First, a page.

The height of frenzy occurred at the gravesite itself. Bringing the body by land vehicle was out of the question, so it arrived by helicopter. The first time the helicopter landed, the crowd swarmed in and grabbed pieces of the shroud, causing the corpse actually to fall to the ground. After fifteen frantic minutes, the coffin was put back on the helicopter, which then bore the body away. In an attempt to thin out the crowd, it was announced that the funeral had been postponed by a day. The trick worked, as many went home. Then, six hours after the first attempt, a second effort at a helicopter landing was made. This time more guards were around and the body was placed in a metal casket. Still, it was not easy. As the Iranian news agency described it: “The grave was only ten meters away but the pushing and shoving of thousands made it seem like kilometers. It took ten terrible minutes to be able to put the casket down near the grave.” Once the body had finally been buried, concrete blocks were placed on top of it.

Sources:

  • time.com
  • wikipedia
  • Greatest ever fireworks show

    The world’s greatest ever fireworks show was on New Year’s Eve 2013 in Dubai:

    - 400,000 fireworks
    - 6 minutes
    - 400 firing positions
    - number of trailers used: 50+
    - 100km shoreline

    A video

    Continue reading

    Best special operations force

    Special operations forces are high-trained military units that are expected to carry out unusual and highly risky missions. A commando is a member of the aforementioned (or an elite light infantry).

    Continue reading

    Dr Richard Teo’s testimony: important matter shared on social media

    The following is surely among the most important matters that has ever been shared on social media. Dr Richard Teo (29 Feb 1972 – 18 Oct 2012) of Singapore was someone who seemingly had everything (health, wealth, social status etc). He was a cosmetic surgeon who became a millionaire in his 30s. Yet, everything changed in March 2011 when he was diagnosed with terminal cancer. Among things he mentioned in this 20-minute sharing of his life experiences:

    - All my possessions: trophies, cars, my house etc didn’t bring me true happiness or comfort after my diagnosis – but rather interaction with my loved ones, friends, people who genuinely care about me, they laugh and cry with me, and they are able to identify the pain and suffering I was going through.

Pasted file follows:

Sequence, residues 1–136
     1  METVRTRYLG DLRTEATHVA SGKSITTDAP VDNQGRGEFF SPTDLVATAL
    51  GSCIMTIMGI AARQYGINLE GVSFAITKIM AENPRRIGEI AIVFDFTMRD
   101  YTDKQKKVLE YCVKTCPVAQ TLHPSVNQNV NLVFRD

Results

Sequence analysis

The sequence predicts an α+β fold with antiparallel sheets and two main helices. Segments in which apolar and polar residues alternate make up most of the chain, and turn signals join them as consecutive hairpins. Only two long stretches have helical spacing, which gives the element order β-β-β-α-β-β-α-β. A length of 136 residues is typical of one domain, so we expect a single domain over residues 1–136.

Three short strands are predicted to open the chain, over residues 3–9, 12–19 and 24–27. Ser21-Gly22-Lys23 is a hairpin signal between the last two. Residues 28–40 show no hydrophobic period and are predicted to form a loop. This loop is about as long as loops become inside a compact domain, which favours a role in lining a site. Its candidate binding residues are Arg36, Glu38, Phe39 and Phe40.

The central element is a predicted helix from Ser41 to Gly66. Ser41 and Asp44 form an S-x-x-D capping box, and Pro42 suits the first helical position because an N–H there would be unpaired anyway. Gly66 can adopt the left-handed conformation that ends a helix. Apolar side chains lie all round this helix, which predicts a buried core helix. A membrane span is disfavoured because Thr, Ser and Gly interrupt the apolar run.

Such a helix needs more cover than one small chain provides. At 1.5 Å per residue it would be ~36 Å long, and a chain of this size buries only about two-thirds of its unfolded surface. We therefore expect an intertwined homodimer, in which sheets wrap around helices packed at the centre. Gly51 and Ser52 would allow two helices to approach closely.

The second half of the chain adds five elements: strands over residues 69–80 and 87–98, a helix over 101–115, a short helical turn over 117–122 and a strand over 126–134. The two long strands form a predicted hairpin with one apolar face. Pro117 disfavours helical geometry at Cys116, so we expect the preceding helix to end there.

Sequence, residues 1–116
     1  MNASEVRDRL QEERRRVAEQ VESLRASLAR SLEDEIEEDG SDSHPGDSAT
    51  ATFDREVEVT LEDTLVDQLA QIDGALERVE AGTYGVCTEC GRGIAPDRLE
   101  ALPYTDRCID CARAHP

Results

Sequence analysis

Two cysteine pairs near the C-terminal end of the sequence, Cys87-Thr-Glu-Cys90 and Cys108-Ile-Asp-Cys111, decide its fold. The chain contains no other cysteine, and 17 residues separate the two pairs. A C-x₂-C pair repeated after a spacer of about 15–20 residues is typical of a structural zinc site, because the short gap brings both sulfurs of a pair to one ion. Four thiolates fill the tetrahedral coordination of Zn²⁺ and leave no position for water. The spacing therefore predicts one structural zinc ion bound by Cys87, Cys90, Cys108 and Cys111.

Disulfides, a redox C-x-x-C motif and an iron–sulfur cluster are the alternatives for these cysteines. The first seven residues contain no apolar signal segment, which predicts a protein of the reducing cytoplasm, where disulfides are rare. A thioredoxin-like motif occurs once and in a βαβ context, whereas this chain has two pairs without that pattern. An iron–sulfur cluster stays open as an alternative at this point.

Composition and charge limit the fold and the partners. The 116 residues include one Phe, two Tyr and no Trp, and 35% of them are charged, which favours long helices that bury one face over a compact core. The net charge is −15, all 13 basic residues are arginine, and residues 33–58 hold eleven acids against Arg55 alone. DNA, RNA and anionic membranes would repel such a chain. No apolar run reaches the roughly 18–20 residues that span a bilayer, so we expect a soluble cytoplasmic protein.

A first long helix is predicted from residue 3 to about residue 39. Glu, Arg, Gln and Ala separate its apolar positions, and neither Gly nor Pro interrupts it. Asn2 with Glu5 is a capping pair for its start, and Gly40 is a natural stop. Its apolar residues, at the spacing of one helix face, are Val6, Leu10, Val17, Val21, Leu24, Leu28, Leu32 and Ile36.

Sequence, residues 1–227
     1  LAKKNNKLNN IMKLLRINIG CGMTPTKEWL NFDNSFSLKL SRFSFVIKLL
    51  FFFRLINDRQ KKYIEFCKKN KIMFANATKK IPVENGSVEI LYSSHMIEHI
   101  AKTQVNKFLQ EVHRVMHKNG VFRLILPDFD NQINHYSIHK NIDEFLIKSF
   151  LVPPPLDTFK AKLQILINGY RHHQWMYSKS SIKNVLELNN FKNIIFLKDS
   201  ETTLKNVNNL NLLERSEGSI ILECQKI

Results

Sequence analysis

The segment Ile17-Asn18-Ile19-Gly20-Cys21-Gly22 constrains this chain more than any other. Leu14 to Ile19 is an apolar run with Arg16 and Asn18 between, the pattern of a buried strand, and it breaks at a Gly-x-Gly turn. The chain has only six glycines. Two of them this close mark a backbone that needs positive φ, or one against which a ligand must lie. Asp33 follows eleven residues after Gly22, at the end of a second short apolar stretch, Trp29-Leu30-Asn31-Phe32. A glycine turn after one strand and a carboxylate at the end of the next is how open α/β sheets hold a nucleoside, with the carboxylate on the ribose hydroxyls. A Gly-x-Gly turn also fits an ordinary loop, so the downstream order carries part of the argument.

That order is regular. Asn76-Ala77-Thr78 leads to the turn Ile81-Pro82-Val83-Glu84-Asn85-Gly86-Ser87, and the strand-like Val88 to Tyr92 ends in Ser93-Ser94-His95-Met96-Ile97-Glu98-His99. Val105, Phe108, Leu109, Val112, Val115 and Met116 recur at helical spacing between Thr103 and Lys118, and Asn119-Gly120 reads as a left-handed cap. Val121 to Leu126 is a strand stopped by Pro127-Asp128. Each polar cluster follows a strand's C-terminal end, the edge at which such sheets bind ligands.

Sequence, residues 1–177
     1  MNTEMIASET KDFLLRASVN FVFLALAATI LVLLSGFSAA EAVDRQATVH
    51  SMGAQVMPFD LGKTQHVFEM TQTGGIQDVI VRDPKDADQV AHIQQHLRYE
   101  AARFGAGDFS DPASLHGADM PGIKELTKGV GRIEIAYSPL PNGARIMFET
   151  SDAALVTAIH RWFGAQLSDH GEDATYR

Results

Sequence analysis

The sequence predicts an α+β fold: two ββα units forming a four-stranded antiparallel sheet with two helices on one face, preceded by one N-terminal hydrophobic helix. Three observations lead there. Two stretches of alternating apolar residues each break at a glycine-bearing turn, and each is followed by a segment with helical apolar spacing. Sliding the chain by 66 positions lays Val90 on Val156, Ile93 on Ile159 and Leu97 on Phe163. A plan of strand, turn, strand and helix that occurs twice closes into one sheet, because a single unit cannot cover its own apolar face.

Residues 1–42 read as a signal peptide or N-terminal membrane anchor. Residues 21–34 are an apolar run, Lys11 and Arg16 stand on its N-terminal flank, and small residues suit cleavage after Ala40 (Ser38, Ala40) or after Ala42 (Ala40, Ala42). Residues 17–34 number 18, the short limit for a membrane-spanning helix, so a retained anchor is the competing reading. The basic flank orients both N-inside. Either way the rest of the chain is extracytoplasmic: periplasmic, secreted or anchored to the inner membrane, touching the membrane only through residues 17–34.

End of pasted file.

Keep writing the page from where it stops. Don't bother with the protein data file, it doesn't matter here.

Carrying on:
- Showing off my possessions (like my Ferrari 430) to my relatives & friends is not “sharing the joy”. All that does is to make them envious, even hatred. Showing them off just fills my own pride and ego.

    - There is nothing wrong with being successful & rich. The only trouble is that a lot of us like myself couldn’t handle it, because when I start to accumulate, the more I have, the more I want. The more I wanted, the more obsessed I became, to the point that nothing else really mattered. Patients (or customers in general) were just a source of income, and I tried to squeeze every single cent out of these patients.

    - Everyone knows that they are going to die, but the truth is that none of us believe it because if we did, we will do things differently. When I faced death, I stripped myself off all (non-important) stuff totally and I focused only on what is essential. The irony is that a lot of times, only when we learn how to die then we learn how to live.

    - Don’t let society tell you how to live. Don’t let the media tell you what you’re supposed to do. You have to decide whether you want to serve yourself, whether you are going to make a difference in somebody else’s life. Because true happiness doesn’t come from serving yourself.

    Video:

    YouTube Preview Image

    Full transcript

    Best ever self-portrait

    In early September 2012, International Space Station (ISS) astronaut Aki Hoshide (Japan) took the following photo of himself while being outside the ISS, while facing the earth.

    What results is a spectacular image, where a reflection of the earth can be seen in his visor. The sun is also visible on the left.

    Astronaut Aki Hoshide self-portrait

    Source
    Daily Mail (UK)